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Assay Determines Suitability of Nanoparticles for In Vivo Use

By BiotechDaily International staff writers
Posted on 28 Feb 2017
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Image: Macrophages with ingested nanoparticles (green) (Photo courtesy of the Bourquin Laboratory, University of Geneva).
Image: Macrophages with ingested nanoparticles (green) (Photo courtesy of the Bourquin Laboratory, University of Geneva).
A team of Swiss researchers has developed a flow cytometry-based test to determine whether specific types of nanoparticles are suitable for use in humans or animals.

Nanoparticles as carriers of drugs, genetic material, or other substances of biomedical interest are under investigation in many laboratories. However, their interaction with immune cells has been difficult to predict. Macrophages are among the first type of cells that take up nanoparticles, mediating inflammation and thus immunological responses. A recent study described a highly reproducible screening method to study the interaction of nanoparticles with macrophages.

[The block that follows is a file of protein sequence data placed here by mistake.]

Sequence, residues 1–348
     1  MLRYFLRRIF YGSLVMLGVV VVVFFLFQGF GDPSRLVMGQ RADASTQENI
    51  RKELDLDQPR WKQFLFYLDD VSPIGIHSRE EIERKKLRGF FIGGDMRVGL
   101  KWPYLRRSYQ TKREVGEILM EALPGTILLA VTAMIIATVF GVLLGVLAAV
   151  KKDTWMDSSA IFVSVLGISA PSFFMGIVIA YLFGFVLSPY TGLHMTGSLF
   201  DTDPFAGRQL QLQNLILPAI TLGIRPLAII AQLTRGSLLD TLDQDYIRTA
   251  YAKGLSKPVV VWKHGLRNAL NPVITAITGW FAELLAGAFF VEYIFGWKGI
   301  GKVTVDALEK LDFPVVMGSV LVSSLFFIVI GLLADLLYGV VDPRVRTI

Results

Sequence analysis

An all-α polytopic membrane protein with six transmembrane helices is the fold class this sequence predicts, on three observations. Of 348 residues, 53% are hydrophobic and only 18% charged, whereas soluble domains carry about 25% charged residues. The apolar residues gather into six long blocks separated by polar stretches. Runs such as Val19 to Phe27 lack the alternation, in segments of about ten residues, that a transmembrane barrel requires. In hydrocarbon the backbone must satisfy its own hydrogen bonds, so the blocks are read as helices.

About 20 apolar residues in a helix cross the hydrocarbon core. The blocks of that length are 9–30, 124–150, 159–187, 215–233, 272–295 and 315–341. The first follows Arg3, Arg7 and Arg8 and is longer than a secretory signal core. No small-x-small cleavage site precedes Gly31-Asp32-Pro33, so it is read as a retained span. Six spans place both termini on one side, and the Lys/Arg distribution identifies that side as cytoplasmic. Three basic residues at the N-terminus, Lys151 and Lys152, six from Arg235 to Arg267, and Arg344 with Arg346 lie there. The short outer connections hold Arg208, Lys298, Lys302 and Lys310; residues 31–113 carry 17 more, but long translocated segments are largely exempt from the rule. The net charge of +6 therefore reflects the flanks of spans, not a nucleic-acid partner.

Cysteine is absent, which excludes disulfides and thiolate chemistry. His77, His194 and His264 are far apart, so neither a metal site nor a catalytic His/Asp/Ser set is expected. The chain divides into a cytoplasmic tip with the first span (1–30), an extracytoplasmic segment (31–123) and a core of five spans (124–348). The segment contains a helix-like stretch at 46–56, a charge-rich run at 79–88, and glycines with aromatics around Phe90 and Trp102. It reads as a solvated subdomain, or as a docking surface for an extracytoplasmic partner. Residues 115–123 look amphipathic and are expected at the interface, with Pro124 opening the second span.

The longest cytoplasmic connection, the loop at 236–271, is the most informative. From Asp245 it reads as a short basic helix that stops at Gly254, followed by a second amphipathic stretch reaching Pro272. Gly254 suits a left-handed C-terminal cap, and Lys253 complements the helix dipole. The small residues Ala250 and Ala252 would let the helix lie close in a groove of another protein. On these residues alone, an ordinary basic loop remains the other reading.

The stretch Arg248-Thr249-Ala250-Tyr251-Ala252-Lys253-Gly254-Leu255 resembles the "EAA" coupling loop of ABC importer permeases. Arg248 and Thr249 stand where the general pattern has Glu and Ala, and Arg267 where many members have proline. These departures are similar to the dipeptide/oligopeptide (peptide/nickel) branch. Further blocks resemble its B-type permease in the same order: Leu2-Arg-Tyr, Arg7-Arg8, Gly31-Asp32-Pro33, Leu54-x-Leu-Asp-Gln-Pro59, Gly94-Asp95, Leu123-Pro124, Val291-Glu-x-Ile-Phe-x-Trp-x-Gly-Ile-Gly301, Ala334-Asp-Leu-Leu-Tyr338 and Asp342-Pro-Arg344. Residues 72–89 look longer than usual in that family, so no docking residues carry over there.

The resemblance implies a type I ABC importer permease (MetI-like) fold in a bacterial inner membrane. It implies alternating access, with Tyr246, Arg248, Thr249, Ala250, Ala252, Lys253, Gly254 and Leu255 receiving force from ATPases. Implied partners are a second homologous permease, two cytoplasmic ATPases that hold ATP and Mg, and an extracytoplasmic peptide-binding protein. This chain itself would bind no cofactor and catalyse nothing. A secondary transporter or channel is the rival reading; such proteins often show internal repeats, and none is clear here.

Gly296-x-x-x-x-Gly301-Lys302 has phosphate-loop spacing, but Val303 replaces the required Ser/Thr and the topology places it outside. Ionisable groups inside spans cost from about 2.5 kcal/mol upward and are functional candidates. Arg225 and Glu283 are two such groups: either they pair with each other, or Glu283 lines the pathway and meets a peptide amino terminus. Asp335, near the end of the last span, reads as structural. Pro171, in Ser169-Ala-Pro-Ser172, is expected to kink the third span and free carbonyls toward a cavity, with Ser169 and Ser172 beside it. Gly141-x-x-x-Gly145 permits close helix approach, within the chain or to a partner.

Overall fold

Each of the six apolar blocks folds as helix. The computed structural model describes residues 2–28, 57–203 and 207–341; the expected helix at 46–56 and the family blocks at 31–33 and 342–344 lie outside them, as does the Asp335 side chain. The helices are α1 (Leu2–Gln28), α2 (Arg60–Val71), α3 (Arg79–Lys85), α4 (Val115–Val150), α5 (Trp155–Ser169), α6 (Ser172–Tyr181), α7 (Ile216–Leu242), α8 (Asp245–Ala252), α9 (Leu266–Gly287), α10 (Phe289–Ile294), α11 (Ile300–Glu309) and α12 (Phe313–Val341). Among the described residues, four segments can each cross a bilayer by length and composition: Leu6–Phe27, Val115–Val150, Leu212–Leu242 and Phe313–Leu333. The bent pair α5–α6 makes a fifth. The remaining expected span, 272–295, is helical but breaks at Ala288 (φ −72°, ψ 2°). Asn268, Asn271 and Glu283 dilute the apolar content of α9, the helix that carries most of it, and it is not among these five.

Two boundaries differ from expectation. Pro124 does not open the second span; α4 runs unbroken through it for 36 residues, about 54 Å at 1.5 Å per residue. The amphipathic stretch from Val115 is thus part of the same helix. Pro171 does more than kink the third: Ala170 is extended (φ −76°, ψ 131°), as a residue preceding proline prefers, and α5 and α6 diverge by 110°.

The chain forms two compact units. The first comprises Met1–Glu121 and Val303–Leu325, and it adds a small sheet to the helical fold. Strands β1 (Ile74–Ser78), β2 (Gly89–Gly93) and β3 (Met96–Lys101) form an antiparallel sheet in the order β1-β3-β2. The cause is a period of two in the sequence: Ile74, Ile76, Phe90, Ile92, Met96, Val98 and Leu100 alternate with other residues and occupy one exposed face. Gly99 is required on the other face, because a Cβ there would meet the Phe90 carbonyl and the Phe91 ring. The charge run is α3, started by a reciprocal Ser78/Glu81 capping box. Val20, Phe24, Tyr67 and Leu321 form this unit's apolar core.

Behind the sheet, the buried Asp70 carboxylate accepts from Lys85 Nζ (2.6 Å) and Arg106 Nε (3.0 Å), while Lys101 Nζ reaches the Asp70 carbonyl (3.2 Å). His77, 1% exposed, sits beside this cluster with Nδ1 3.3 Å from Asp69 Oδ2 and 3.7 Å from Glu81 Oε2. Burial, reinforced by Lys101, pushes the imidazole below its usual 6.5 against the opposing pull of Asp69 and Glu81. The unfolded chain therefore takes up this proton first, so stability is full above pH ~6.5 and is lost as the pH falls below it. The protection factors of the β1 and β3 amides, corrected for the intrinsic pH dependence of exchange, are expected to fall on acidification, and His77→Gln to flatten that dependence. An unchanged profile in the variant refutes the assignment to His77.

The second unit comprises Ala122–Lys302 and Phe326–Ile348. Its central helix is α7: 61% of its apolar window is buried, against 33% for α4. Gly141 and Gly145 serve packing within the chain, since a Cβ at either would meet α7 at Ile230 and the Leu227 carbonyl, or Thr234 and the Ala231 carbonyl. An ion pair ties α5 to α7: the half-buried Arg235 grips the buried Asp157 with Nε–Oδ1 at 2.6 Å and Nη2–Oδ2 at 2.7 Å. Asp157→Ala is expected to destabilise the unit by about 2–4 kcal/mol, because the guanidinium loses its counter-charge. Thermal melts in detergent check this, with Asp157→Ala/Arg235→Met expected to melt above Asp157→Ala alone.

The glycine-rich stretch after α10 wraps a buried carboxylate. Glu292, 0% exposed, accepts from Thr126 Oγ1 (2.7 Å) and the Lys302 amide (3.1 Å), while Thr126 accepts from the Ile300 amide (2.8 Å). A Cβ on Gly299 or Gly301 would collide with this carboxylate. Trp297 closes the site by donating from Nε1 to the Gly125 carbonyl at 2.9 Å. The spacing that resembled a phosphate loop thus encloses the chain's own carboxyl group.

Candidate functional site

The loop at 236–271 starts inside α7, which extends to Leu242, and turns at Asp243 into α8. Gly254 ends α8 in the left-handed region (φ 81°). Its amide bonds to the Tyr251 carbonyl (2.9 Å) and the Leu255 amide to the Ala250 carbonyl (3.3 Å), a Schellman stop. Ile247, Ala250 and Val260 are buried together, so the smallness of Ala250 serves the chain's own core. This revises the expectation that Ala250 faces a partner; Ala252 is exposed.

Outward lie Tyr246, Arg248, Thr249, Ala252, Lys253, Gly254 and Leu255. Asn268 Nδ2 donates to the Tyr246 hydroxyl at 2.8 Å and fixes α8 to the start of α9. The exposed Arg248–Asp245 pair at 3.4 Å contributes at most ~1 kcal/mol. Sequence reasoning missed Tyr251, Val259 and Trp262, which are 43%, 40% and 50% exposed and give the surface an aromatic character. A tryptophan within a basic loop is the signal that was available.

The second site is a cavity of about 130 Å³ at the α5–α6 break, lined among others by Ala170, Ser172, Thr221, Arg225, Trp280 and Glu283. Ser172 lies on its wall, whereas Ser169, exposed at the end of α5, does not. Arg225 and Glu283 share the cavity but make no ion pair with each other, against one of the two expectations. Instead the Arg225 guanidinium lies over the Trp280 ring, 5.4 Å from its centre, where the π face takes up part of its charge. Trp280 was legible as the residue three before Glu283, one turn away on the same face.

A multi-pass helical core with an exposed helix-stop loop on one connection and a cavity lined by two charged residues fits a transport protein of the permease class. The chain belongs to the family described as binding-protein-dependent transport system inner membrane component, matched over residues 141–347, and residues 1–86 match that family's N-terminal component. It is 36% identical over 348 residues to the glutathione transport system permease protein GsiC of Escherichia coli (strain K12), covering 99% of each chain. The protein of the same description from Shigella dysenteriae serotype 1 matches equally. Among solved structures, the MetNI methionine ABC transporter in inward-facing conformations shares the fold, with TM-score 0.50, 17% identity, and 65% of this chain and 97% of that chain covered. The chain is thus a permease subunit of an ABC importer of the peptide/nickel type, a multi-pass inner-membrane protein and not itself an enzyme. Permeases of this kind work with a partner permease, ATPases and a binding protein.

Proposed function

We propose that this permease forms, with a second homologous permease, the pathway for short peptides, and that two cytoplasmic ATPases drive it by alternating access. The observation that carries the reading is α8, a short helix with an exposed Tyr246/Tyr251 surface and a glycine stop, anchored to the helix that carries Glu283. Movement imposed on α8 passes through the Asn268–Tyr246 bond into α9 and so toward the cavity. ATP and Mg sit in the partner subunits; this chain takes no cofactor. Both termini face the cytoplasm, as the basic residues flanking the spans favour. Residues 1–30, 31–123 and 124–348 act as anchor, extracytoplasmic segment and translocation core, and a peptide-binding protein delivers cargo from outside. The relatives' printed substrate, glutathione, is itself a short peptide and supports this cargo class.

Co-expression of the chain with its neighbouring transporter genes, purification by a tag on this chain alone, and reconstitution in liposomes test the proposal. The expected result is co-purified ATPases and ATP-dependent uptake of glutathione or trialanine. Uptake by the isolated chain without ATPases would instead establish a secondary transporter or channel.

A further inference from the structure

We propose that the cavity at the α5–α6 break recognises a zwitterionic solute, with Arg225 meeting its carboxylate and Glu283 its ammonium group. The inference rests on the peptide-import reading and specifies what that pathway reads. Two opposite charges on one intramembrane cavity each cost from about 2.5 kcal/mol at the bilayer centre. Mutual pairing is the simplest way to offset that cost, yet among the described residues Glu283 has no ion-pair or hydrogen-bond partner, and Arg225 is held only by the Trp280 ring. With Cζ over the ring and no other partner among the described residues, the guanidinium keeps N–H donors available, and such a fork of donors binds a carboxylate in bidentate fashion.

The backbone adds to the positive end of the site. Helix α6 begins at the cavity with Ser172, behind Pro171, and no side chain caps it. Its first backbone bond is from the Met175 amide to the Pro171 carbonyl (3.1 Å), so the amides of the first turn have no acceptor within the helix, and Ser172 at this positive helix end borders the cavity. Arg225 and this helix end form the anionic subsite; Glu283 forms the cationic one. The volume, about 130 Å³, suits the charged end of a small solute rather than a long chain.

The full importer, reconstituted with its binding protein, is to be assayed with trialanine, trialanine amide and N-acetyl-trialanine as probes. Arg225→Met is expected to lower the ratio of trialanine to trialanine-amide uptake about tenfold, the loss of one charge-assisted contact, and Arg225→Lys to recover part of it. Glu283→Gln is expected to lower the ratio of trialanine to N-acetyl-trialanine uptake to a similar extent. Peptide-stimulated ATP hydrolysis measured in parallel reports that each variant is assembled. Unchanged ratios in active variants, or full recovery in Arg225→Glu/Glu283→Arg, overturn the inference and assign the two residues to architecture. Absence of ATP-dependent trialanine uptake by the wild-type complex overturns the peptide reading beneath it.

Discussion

Investigators at the University of Geneva and the University of Fribourg reported in the February 2, 2017, online edition of the journal Nanoscale that they had developed a flow cytometry-based assay that could determine for a single nanoparticle sample whether the nanoparticles were taken up by macrophages, whether the nanoparticles caused death of the macrophages, and whether the nanoparticles triggered an inflammatory immune response.

To perform the assay, macrophages were brought into contact with the nanoparticles for 24 hours, and were then evaluated in a flow cytometer. The fluorescence emitted by the macrophages made it possible to count them and characterize their activation levels. Since the particles themselves were fluorescent, the investigators could also measure the amount of particles ingested by the macrophages. Thus, the three elements could be determined simultaneously in two or three days on a very small amount of particles.

"Researchers can spend years developing a nanoparticle, without knowing what impact it will have on a living organism," said senior author Dr. Carole Bourquin, professor of medicine at the University of Geneva. "So there was a real need to design an effective screening method that could be implemented at the beginning of the development process. Indeed, if the nanoparticles aren’t compatible, several years of research were simply thrown away."

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